Controlling light with electric fields

Researchers have discovered a technique for electrically manipulating light via atomically-thin semiconductors.

A quick look at today’s electronics marketplace highlights the fact that we’ve never understood more about controlling electrons. Photons, on the other hand, are more challenging. They are electrically-neutral, so they cannot be directly manipulated by electric fields. But recent work from a team at North Carolina State University (NCSU) suggest a nanolayer-enabled workaround that could herald a new era of photonics.

If you’ve seen a straight drinking straw ‘bend’ in a glass of water, you’ll know of at least one reliable way to control light – by choosing a material with a specific refractive index. And if you can actively tune the refractive index, you can indirectly affect the path of the photons within that material. So in recent years, the literature has focused on doing just that – controlling photons via light-matter interactions, such as reflection, transmission, absorption, and scattering.
There has been limited success in electrically tuning refractive index for mid-IR or visible light though, with some studies achieving a change of between 0.1 and 1%. But in their latest NanoLetters paper [DOI: 10.1021/acs.nanolett.7b00768], NCSU researchers report that they’ve tuned the refractive index of transition metal dichacolgenide (TMDC) monolayers by more than 60%.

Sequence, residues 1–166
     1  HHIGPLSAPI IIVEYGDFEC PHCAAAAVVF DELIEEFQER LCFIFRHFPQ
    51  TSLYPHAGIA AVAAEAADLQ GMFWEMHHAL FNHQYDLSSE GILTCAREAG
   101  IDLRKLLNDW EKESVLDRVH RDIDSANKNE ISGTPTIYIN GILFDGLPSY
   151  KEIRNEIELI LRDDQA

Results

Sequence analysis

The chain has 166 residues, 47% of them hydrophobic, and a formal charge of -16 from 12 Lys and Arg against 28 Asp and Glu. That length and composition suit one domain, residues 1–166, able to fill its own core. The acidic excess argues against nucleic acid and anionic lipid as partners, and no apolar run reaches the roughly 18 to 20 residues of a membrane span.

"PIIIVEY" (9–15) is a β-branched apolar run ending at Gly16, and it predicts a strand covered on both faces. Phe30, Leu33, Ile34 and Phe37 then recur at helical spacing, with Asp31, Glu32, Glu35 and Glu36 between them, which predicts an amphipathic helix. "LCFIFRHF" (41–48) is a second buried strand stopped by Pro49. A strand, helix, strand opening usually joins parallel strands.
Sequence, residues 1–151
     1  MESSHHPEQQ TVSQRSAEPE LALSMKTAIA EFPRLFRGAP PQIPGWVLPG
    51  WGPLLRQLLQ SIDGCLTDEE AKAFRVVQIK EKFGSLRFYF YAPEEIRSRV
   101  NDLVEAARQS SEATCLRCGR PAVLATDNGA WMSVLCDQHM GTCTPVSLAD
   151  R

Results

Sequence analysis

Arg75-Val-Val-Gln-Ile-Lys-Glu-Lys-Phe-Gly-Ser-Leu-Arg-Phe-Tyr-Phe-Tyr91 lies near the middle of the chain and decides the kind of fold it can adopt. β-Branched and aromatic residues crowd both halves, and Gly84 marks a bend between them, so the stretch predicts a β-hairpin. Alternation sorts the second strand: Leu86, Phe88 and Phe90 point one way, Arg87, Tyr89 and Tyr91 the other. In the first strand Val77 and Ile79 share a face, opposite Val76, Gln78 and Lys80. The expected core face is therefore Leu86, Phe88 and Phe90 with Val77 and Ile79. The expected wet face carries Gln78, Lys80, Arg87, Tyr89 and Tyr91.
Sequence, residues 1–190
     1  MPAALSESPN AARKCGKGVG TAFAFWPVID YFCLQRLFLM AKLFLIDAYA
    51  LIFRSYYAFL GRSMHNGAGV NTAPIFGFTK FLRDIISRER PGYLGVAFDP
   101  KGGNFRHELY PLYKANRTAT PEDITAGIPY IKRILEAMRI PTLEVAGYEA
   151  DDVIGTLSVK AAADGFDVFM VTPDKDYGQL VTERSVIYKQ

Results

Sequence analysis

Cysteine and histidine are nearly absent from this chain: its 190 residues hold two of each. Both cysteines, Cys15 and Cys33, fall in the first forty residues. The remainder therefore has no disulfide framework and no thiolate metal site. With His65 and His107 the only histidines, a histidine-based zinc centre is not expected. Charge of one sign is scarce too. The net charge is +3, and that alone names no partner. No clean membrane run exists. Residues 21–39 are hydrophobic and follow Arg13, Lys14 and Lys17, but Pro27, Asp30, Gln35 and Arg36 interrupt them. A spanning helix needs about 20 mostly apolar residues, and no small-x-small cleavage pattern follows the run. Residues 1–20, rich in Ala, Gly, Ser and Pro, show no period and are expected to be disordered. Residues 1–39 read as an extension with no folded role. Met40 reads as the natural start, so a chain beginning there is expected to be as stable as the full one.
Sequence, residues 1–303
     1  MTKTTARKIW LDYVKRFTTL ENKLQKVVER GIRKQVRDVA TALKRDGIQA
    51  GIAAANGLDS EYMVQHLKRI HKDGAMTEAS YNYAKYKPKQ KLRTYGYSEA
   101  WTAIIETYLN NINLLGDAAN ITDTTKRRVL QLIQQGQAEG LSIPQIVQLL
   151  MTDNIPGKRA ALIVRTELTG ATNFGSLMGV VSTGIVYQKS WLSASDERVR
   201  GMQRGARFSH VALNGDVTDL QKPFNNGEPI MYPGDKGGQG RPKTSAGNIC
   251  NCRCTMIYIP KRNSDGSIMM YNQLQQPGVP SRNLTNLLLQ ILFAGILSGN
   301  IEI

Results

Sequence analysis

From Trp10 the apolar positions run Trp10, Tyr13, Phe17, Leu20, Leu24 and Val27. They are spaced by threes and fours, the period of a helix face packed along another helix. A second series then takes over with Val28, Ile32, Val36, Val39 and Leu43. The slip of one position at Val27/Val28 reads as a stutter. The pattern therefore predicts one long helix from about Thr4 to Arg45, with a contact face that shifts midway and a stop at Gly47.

This observed ‘giant gating tunability’ has been attributed to the dominance of excitonic effects that resulted from the injection of charge carriers into the monolayer. The authors highlighted two key mechanisms – the interconversion of the neutral and charged excitons, and broadening of the exciton resonance peaks. Other effects, such as changes in exciton binding energy, were found to have negligible role to play in the results.

In addition, the team produced a simple device – a GaN structure on aluminium oxide, with monolayer of WS2 (the TMDC material) on the top, and a silver mirror at the bottom. With this, they demonstrated that electrically tuning the refractive index of the monolayer also produce significant modulation of light reflection and absorption (40−80%).
These results could get us a step closer to field-effect photonic devices that can be controlled in a similar way to CMOS circuits. For paper co-author, Assistant Prof Linyou Cao, the implications are profound, “With this new discovery, light may be controlled (by an electric field) to be strong or weak, spread or focused…. Just as computers have changed our way of thinking, this new technique will likely change our way of watching…. And may find applications in goggle-free virtual reality lenses and projectors, the movie industry or (in) camouflage.”

This story was commissioned by Materials Today, and can be found here:

The original research paper (£) is: Yiling Yu, Yifei Yu, Lujun Huang, Haowei Peng, Liwei Xiong, and Linyou Cao, “Giant Gating Tunability of Optical Refractive Index in Transition Metal Dichalcogenide Monolayers” NanoLetters, Article ASAP, DOI: 10.1021/acs.nanolett.7b00768
OpenGraph description (100 chars): Photons may be one step closer to coming under electric control, thanks to work from US scientists